Wednesday, 20 August 2008
I'd never ride a bike. It's too dangerous. My friend....
Why is it that as soon as a non-biking friend or acquaintance discovers that you ride a motorcycle, they feel compelled to tell you about their other friend/relative/mother-in-law who was recently killed/severely maimed in a motorcycle accident? And it’s not just a passing reference either. Oh no, it’s full-contact with all the gory details, the more gory the better, including the number of protruding bone fragments, cracked ribs, shattered vertebrae, months and days in the hospital. “And he was lucky!”
It is actually quite curious. When you are bragging about your new sports car you don’t get people quoting accident statistics for rag-tops over coupes. No, they talk about the sports car they will buy when they win the lottery, or the cross-country trip they took in ’69 in their friend’s Austin-Healy 3000. Bought a new fishing boat? People tell you about their own boat or the great fishing trips they’ve experienced, not the number of drownings in Ontario lakes this summer.
But motorcycles trigger a different response. I suspect it’s because the average person has little or no knowledge of the sport or the rider’s world, and so, in a misguided attempt to connect, they fall back on what they do know – Uncle Bert’s unfortunate introduction to the driver’s door of a Chevy ½-ton back home in Lower Armpit last August. That incident is probably the only reason they are aware that Uncle Bert even had a motorcycle, or in some cases, that Uncle Bert even existed, but it’s the only motorcycle story they know so you get the whole enchilada.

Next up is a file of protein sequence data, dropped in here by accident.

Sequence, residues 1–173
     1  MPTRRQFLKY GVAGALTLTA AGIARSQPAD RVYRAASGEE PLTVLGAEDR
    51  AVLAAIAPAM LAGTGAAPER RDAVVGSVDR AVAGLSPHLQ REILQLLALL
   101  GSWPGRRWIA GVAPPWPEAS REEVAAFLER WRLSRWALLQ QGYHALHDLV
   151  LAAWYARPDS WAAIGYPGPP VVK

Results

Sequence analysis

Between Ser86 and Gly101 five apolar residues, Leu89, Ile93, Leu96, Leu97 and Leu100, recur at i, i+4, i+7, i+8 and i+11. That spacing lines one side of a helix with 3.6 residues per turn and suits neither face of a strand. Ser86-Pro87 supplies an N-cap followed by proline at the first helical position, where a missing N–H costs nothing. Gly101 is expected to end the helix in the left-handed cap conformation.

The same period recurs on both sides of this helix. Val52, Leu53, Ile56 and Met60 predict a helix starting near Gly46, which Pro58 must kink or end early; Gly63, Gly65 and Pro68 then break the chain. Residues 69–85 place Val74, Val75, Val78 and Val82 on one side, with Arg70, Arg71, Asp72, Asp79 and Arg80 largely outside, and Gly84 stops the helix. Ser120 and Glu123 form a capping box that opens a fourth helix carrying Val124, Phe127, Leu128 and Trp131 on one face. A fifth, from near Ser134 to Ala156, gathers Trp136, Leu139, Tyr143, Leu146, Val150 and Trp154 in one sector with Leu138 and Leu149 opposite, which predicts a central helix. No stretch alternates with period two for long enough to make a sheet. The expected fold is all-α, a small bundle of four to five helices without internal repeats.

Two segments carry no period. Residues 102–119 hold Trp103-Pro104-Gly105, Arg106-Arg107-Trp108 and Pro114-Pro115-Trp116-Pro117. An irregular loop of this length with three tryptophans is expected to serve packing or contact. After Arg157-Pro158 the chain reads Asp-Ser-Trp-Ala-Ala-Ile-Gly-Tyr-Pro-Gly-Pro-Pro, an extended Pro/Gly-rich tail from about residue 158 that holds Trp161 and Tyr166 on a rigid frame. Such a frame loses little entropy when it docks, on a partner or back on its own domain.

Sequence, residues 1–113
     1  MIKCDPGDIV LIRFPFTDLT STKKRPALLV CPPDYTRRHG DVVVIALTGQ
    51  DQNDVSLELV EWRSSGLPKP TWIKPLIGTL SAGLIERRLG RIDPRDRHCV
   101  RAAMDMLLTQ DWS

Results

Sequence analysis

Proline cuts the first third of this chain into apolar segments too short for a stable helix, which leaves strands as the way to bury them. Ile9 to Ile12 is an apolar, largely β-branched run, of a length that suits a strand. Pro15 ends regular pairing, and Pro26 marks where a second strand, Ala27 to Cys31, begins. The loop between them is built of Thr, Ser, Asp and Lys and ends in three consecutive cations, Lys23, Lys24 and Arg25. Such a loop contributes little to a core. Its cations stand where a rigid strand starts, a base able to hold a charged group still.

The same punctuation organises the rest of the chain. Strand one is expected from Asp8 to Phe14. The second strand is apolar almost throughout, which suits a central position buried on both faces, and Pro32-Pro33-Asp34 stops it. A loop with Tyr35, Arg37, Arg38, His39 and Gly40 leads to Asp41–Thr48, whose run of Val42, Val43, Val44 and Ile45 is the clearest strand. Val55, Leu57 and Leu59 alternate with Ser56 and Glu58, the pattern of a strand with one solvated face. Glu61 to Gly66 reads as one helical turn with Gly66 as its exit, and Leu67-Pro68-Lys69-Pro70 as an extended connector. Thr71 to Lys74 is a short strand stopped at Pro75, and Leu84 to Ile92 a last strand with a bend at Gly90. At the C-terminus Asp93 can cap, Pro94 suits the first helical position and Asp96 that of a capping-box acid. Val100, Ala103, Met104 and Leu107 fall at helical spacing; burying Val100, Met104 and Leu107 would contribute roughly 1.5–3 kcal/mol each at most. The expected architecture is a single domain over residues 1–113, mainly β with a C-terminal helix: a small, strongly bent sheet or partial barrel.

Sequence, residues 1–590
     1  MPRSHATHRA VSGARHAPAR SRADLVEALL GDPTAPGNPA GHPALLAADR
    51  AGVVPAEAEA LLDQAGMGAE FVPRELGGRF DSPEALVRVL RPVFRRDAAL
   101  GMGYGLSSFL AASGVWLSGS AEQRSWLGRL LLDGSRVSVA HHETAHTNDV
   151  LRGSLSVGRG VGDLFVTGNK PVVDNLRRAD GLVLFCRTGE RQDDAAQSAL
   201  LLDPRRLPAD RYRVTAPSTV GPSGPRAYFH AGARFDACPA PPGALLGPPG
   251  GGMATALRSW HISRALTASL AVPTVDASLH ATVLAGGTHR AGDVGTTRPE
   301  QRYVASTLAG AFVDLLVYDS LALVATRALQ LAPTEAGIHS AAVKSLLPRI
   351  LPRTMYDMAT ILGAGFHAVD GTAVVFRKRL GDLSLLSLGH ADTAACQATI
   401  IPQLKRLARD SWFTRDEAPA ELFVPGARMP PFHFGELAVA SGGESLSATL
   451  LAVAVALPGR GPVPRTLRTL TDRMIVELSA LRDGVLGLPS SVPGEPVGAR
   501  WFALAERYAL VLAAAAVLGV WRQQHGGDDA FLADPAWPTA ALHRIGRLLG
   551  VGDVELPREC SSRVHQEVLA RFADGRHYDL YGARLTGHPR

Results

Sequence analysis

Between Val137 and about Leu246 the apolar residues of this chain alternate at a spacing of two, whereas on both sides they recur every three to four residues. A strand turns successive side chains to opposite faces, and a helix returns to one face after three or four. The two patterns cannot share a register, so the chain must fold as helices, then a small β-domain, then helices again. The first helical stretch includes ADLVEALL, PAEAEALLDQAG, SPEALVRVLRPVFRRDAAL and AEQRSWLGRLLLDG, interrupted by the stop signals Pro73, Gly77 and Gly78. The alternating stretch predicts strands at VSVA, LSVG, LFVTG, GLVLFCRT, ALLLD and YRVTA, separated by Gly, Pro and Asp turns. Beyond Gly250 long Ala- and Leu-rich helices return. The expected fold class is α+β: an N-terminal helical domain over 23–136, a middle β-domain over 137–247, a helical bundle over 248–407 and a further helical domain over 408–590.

So if you are a non-rider who has happened to stumble into this blog and this post, do us all a favour. When someone “outs” themselves as a motorcyclist, the proper response is to express an interest in the bike, or motorcycling in general (fake it if necessary), not to remind the rider that we are all mortals and are but on this earth for a short and finite period of time. You’ll be surprised how much more relaxed the conversation will be.